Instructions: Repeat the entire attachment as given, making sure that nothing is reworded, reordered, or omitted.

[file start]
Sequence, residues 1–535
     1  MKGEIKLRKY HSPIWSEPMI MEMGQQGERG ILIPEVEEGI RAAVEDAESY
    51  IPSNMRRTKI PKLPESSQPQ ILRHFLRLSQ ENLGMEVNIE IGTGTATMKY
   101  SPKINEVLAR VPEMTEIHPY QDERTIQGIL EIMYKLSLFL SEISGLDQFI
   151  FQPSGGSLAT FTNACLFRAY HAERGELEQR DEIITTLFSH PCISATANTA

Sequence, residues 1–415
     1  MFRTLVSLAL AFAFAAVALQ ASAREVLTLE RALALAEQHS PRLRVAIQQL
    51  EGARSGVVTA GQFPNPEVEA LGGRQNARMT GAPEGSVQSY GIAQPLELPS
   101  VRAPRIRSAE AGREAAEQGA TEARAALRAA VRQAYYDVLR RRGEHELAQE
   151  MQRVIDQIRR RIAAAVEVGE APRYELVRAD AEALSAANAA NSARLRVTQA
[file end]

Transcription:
Sequence, residues 1–535
     1  MKGEIKLRKY HSPIWSEPMI MEMGQQGERG ILIPEVEEGI RAAVEDAESY
    51  IPSNMRRTKI PKLPESSQPQ ILRHFLRLSQ ENLGMEVNIE IGTGTATMKY
   101  SPKINEVLAR VPEMTEIHPY QDERTIQGIL EIMYKLSLFL SEISGLDQFI
   151  FQPSGGSLAT FTNACLFRAY HAERGELEQR DEIITTLFSH PCISATANTA

Sequence, residues 1–415
     1  MFRTLVSLAL AFAFAAVALQ ASAREVLTLE RALALAEQHS PRLRVAIQQL
    51  EGARSGVVTA GQFPNPEVEA LGGRQNARMT GAPEGSVQSY GIAQPLELPS
   101  VRAPRIRSAE AGREAAEQGA TEARAALRAA VRQAYYDVLR RRGEHELAQE
   151  MQRVIDQIRR RIAAAVEVGE APRYELVRAD AEALSAANAA NSARLRVTQA